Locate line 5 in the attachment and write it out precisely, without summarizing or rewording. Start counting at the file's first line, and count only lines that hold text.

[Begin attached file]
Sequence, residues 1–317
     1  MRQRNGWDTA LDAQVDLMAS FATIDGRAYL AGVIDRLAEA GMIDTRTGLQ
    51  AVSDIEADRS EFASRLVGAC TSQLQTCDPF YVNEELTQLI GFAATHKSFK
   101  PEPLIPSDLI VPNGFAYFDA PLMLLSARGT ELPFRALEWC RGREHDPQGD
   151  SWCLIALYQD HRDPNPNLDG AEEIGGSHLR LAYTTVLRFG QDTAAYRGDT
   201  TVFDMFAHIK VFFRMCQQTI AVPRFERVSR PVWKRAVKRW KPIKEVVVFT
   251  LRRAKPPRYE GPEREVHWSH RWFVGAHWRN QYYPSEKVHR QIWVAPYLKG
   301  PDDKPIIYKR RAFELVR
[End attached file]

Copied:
   151  SWCLIALYQD HRDPNPNLDG AEEIGGSHLR LAYTTVLRFG QDTAAYRGDT